The 21st century flourishing of “interdisciplinarity” as a construct and value interests me for several reasons: (1) for the historical meanings of this development, (2) for the problem-solving potential of new “hybrid” sciences to address complex human challenges, (3) for the creative possibilities entailed in transferring concepts, methods and models from one disciplinary context to another and (4) for the cognitive flexibility honed in acts of disciplinary perspective taking, a vital skill in a time marked by rapid change and uncertainty. My interest has been piqued not only by studying interdisciplinary science as practiced, but by participation on an interdisciplinary team that conducted the investigation of four interdisciplinary laboratories that was led by Nancy Nersessian (e.g., Nersessian, 2017; MacLeod & Nersessian, 2018; Osbeck & Nersessian, 2017; Osbeck, Malone, Nersessian, & Newstetter, 2011). Less clear to me is the framework for understanding psychology’s contribution to interdisciplinary problem-solving – what this might look like and how psychology might contribute to the promise of collaborative innovation.
To explore these questions, I offered a graduate seminar called Psychology and Interdisciplinarity in the spring of 2018. The psychology department at West Georgia is rooted in humanistic and human science approaches to psychology but currently includes critical and social justice perspectives. The setting was right for an exploratory seminar of this kind, and I was delighted that a small group of bright, articulate, engaged students decided to take up the challenge.
This course was intended to facilitate discussion of the possibilities for psychology’s involvement in interdisciplinary collaboration and to address conceptual and empirical problems posed by the project of interdisciplinarity, including problems specific to psychology. Objectives were to consider arguments for and against interdisciplinary collaboration, investigate the “boundary land” linking psychology with other disciplines and develop a model for psychology to contribution to the solution of urgent, complex human problems, building on existing strategies or proposing new ones. A final goal was experiential: to explore what is gained and lost by living in the margins or straddling two traditionally distinct disciplinary.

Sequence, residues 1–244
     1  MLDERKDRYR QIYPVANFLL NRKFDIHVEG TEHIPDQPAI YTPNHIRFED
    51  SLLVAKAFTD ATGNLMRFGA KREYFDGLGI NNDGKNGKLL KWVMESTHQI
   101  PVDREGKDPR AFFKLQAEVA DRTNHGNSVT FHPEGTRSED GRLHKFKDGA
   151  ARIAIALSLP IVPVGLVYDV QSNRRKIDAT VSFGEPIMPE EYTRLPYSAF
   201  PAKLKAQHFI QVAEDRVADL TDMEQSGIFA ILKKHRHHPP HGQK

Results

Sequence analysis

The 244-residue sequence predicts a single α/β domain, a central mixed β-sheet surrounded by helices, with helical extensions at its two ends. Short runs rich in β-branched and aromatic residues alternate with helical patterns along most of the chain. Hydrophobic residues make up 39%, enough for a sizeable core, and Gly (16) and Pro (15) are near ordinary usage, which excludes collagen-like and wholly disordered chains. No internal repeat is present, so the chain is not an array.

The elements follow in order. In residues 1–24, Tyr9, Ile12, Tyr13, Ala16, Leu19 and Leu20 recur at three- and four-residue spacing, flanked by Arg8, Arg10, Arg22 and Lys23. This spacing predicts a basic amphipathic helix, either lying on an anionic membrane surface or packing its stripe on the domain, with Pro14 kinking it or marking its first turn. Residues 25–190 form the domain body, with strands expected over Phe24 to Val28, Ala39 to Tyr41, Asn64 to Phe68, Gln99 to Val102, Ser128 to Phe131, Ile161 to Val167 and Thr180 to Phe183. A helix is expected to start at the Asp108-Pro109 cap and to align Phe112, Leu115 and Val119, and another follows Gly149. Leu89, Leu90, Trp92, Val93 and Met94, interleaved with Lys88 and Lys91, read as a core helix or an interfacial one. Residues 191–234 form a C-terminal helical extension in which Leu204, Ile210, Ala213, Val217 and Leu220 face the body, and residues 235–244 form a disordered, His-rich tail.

Informed participation in classroom discussion was the principal delivery mode. Classical and contemporary readings were organized around the following themes: (1) psychology, science and technology; (2) psychology and mathematics, (3) psychology and other social sciences, (4) psychology, business and economics, (5) psychology and the humanities and (6) psychology and the arts. Students provided regular updates on projects throughout the semester and offered feedback to others.